24. Congratulations Sally for your new rig. I have jumped a Pulse 170 and got a stand up landing. OK, I have the experience but I weigh way more than you. Therefore, your canopy (Pulse 190) is certainly big enough for you. Now you have to master the landing (approach, set up in short final, reach the sweet spot and flare). Everybody at the beginning finds that sequence tricky since at landing everything happens fast. But don't give up, and pratice. Do several low altitude jumps just to improve your landings. Train your brain, body reactions and your overall coordination for landing. Everybody has a iPhone or so then have a jumper with experience taking a video of your landing from the ground, taken from the side. That will show you if your sequence at landing is OK and how you can now correct accordingly. ASAP register for a Flight-1 course. You will learn in details what I am talking about about landing. They will give you a seminar illustrated with video for about 30 minutes then you will have to go and jump to pratice and do the homework. There will be a debriefing of your jump including a video. Another seminar of half an hour will follow then a pratice again and so on... I have the same reserve than you, a PD 160. OK, the landing are better to be done with a good Parachute Landing Fall or PLF as the military do. With your weight, this reserve should be OK too since it's slower. Good luck and tell us when everything will be better for you. Points to check at landing : 1) in final approach, fly straight 2) calm down 10 seconds before touch down (no move) 3) keep your toggles symmetrical (trick : talk loud to yourself and repeat Symmetry, symmetry... to reming you to do it) Note : You wouldn't believe how many beginners think they are symmetrical with toggles when they are not. 4) at 10 feet or so pull the toggles at the sweet spot (this is when you change your descent to an horizontal flight) 5) at 3 feet above the ground flare with toggles at the hips Don't look straight down but at 45 degrees Do not anticipate your touch down by trying to protect yourself with hands or legs Do not reach with hands (keep toggles symmetrical) Continue to fly your canopy even after the touch down. Learn from others mistakes, you will never live long enough to make them all.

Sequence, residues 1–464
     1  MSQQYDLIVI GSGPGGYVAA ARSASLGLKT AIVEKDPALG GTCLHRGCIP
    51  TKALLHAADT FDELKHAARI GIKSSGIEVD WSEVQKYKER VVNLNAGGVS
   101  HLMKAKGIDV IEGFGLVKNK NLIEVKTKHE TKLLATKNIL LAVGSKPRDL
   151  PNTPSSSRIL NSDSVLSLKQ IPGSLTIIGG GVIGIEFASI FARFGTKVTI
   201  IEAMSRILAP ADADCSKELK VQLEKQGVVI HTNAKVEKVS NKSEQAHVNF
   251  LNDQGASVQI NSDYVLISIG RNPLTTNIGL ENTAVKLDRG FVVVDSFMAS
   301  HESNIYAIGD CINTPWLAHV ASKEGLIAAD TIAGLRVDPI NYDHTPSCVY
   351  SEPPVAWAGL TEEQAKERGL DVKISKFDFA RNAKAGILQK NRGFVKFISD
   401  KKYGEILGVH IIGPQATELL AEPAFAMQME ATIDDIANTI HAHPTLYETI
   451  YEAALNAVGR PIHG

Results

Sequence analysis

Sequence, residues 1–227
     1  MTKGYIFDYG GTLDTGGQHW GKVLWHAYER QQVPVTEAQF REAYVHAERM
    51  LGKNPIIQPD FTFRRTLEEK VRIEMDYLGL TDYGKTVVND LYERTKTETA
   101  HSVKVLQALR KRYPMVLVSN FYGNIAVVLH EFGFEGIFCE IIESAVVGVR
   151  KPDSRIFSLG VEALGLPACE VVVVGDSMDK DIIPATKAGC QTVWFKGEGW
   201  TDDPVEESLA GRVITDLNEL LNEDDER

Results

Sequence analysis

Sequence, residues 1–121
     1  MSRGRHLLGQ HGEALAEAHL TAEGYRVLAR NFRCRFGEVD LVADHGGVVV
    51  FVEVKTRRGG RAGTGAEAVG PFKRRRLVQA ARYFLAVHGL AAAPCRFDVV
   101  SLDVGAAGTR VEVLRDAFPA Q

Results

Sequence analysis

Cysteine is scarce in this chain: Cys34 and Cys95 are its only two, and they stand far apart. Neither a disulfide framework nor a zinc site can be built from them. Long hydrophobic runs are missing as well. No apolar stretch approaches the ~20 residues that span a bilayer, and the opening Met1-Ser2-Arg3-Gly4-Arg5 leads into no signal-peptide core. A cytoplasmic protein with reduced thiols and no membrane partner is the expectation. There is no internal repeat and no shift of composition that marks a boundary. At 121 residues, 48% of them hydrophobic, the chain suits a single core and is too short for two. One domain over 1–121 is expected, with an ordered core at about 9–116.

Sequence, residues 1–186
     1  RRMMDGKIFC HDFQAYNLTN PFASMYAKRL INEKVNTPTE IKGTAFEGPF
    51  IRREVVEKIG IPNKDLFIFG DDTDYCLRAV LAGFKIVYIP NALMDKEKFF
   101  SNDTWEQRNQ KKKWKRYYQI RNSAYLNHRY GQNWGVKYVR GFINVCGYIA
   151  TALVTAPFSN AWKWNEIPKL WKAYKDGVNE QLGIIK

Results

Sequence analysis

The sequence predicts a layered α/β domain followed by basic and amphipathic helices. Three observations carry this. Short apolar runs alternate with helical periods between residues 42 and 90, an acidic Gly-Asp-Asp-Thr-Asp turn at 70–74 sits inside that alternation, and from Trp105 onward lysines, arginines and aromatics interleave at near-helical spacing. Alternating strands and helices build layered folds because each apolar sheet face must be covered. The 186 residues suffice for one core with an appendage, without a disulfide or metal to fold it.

25. I disagree completely with you about Spectra ripcord specifications. They are : 1) stronger (1000 lbs versus 920 lbs for steel cable) 2) have a bungee inside therefore there will be no floatting rip cord 3) easy to inspect, just check the bar tack at both ends, you cannot do such an inspection with pin and ball cable ripcord. 4) they are not subject to fray. I tried to get one fray by pulling back and fore through the cable housing for 3 minutes while applying a good tension. Using a magnifier the result was no significative fraying. 5) the larkhead knot at the ripcord is simple and sure. And there is no hole in the ripcord to weaken it Just advantages as you can see. Note: I understand that after so many years of getting use to rely on steel, some people are still reluctant to use Spectra ripcord. But new materials are now used on airplane tail and wing like carbon fiber which is lighter and stronger than aluminum. I have had 3 total mal and I had to pull my Spectra ripcord. There was absolutely no problem. Well, you have to trust better the new technology when it's well tested. Learn from others mistakes, you will never live long enough to make them all.